Infectious complications of pressure ulcers
- Imad M Tleyjeh, MD, MSc, FACP, FIDSA
Imad M Tleyjeh, MD, MSc, FACP, FIDSA
- Consultant, Infectious Diseases
- King Fahd Medical City, Riyadh
- Professor of Medicine and Epidemiology
- College of Medicine
- Alfaisal University, Riyadh
- Dan Berlowitz, MD, MPH
Dan Berlowitz, MD, MPH
- Boston University Schools of Public Health and Medicine
- Larry M Baddour, MD, FIDSA, FAHA
Larry M Baddour, MD, FIDSA, FAHA
- Professor of Medicine
- Mayo Clinic College of Medicine
Pressure ulcers are localized areas of tissue necrosis that tend to develop when soft tissue is compressed between a bony prominence and an external surface for a prolonged period of time . They are a significant problem in critically ill patients, the elderly, and in persons with spinal cord injury (SCI).
Pressure ulcers cause pain, decrease quality of life, and lead to significant morbidity and prolonged hospital stays, in part due to complicating infection. Infected pressure ulcers are a common problem, occurring in 4 to 6 percent of nursing home patients in two series [1,2].
The infectious complications of pressure ulcers are reviewed in this topic. The epidemiology, pathogenesis, clinical manifestations, staging, prevention, and treatment of noninfected pressure skin and soft tissue injuries are discussed separately. (See "Epidemiology, pathogenesis, and risk assessment of pressure-induced skin and soft tissue injury" and "Prevention of pressure-induced skin and soft tissue injury" and "Clinical staging and management of pressure-induced skin and soft tissue injury".)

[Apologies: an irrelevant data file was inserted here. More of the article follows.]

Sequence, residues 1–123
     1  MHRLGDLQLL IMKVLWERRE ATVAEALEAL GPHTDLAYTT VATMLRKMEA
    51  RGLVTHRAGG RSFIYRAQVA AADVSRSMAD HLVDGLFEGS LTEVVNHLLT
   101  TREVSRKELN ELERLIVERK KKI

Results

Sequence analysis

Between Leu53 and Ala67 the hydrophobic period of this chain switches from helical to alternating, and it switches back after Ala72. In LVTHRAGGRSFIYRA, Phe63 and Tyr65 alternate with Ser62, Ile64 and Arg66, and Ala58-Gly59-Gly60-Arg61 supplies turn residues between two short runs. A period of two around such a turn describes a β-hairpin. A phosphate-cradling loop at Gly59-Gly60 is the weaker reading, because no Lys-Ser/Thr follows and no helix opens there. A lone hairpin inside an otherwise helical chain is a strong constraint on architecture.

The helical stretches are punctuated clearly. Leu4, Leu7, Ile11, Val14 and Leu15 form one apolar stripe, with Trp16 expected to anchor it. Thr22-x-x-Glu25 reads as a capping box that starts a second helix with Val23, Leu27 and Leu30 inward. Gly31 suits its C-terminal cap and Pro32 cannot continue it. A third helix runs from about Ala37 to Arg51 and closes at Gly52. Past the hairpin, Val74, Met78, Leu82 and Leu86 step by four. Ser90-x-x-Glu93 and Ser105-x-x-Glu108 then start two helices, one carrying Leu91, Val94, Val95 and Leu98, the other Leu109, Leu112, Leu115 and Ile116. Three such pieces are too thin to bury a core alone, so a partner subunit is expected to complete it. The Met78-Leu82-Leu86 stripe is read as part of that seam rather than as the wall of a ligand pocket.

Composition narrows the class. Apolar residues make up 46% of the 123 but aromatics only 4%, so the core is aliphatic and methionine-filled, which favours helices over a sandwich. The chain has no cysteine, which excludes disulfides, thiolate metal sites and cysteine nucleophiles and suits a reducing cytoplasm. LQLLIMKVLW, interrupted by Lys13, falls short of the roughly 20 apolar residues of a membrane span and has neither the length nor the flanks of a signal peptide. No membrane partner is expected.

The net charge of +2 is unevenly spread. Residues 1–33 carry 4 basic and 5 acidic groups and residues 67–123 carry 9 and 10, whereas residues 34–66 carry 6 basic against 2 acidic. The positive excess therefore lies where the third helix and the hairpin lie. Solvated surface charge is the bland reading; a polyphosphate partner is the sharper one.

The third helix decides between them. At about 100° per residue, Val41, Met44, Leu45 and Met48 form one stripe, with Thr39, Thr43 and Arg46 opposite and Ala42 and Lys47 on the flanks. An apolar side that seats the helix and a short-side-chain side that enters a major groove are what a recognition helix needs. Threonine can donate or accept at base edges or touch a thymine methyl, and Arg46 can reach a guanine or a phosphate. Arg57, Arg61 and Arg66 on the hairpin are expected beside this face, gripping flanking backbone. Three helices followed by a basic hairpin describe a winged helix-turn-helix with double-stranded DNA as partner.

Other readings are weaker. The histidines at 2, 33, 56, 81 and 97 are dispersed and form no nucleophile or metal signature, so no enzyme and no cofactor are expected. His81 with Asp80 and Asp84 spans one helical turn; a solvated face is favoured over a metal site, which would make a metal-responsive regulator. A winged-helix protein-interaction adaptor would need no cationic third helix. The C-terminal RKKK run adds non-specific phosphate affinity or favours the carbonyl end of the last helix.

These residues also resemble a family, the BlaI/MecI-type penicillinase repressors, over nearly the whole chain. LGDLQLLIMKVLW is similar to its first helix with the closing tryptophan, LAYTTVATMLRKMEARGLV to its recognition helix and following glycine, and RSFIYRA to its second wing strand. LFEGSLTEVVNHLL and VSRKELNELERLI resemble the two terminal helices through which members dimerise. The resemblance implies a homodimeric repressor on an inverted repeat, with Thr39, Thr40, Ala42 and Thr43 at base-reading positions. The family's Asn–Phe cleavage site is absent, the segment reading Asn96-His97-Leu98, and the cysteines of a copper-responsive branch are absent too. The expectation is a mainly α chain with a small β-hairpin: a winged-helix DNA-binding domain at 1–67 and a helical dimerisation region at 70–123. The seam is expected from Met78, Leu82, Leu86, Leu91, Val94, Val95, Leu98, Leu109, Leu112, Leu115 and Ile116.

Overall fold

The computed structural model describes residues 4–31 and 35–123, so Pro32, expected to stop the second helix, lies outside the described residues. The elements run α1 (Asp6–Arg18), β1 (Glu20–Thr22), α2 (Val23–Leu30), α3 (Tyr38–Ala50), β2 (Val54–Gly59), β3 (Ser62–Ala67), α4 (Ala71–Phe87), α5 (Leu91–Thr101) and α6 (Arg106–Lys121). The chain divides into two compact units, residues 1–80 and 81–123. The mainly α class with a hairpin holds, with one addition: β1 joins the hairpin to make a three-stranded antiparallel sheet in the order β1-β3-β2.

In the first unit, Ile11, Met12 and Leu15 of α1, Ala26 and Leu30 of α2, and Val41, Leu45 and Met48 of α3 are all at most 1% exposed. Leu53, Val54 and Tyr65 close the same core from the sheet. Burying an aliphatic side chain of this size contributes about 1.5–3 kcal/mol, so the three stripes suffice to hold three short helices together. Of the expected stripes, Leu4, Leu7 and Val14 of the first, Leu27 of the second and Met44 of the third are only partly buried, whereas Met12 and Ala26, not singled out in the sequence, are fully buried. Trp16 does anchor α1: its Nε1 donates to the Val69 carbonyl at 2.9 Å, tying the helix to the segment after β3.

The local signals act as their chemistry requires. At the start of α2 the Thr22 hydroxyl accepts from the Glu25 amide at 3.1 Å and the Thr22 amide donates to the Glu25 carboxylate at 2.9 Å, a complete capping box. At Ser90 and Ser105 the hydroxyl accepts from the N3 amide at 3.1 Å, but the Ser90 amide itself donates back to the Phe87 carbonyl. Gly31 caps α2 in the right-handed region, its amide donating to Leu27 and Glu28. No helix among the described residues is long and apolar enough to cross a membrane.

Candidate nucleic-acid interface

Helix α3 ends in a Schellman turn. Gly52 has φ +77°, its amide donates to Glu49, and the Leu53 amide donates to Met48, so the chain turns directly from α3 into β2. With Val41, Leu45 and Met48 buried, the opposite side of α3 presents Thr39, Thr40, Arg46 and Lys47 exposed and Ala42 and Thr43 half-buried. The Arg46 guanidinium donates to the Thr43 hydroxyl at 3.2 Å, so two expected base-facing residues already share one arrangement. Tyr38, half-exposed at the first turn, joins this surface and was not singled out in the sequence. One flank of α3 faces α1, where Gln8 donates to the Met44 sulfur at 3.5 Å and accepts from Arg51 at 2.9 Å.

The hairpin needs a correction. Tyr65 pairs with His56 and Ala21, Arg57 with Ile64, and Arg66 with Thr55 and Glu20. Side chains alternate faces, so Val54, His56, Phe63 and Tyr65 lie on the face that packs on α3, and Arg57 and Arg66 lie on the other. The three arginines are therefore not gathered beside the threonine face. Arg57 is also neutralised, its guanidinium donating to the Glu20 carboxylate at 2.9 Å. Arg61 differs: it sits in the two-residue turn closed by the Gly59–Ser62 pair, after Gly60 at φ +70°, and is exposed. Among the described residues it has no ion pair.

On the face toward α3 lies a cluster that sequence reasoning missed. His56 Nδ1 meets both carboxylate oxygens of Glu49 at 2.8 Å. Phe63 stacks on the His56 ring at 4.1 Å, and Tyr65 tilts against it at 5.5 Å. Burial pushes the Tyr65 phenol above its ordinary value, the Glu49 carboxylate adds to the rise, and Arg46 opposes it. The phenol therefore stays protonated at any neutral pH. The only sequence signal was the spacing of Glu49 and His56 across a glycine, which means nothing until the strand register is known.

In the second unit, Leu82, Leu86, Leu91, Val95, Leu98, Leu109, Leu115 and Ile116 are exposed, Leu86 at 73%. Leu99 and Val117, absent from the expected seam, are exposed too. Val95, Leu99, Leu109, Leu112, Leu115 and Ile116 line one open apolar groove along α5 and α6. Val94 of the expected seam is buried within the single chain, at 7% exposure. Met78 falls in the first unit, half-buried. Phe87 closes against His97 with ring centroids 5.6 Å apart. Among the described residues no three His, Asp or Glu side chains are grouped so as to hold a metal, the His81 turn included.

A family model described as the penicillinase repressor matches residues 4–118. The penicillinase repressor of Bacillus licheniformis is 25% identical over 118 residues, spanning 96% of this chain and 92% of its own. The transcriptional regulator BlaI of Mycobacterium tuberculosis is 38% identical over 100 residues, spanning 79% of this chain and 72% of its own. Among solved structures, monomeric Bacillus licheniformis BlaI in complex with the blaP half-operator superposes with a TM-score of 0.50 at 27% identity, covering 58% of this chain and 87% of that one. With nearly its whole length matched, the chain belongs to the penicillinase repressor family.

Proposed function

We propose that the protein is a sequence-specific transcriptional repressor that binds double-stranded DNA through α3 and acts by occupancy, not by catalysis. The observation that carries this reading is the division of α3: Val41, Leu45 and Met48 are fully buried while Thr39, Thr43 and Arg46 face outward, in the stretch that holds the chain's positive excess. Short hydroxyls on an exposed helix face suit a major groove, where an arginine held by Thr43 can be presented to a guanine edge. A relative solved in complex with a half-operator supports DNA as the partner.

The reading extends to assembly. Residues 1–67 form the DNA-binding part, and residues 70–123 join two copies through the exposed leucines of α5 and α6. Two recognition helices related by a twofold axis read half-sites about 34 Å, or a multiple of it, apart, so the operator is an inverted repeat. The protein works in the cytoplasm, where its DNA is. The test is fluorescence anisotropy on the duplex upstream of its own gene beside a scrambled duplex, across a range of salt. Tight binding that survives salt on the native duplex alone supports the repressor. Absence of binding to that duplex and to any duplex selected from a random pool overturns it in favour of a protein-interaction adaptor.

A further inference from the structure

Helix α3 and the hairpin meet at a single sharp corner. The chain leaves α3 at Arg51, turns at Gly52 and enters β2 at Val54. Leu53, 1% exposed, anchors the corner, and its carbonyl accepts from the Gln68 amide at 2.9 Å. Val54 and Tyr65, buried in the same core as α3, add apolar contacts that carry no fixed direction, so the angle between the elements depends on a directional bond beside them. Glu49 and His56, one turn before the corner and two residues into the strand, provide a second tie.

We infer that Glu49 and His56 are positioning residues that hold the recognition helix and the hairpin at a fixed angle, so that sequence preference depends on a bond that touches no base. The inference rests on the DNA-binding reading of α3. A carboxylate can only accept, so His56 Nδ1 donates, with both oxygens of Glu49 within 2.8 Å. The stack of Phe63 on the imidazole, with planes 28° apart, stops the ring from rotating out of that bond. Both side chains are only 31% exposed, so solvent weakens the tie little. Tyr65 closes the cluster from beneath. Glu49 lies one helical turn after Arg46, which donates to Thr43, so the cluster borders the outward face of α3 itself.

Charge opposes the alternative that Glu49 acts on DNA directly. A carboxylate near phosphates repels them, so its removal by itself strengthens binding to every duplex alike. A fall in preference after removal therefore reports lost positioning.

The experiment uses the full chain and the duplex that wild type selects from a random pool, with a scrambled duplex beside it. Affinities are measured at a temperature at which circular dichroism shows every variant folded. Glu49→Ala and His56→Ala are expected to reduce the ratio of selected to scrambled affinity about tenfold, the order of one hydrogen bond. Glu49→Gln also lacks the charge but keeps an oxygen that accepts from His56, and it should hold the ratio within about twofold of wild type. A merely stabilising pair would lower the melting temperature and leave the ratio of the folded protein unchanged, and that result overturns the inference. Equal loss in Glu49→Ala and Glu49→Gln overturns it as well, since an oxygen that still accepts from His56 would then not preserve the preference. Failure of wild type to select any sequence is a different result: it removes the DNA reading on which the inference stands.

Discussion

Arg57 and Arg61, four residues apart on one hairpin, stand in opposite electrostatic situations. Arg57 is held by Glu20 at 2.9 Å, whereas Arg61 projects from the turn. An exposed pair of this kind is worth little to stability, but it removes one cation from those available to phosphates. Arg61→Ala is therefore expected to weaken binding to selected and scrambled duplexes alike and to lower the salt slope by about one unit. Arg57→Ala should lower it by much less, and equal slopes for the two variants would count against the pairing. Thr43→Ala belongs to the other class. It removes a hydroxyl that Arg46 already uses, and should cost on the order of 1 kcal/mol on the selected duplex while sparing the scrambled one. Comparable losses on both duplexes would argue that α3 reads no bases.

Pressure ulcers that occur in the feet of patients with severe neuropathy and/or vascular insufficiency, often due to diabetes mellitus, are discussed separately. (See "Clinical manifestations, diagnosis, and management of diabetic infections of the lower extremities".)
CLASSIFICATION AND TERMINOLOGY
The National Pressure Ulcer Advisory Panel (NPUAP) made changes to its classification in April 2016 and suggested using the terminology "pressure injury" instead of "pressure ulcer" to describe these wounds. (See "Clinical staging and management of pressure-induced skin and soft tissue injury", section on 'NPUAP staging'.)To continue reading this article, you must log in with your personal, hospital, or group practice subscription. For more information on subscription options, click below on the option that best describes you:
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- CLASSIFICATION AND TERMINOLOGY
- Microbiologic evaluation
- CLINICAL FEATURES
- SUPERFICIAL INFECTION
- DEEP INFECTION
- - Cellulitis
- - Osteomyelitis
- - Bacteremia
- - Other complications
- - Antibiotic therapy
- INFECTION CONTROL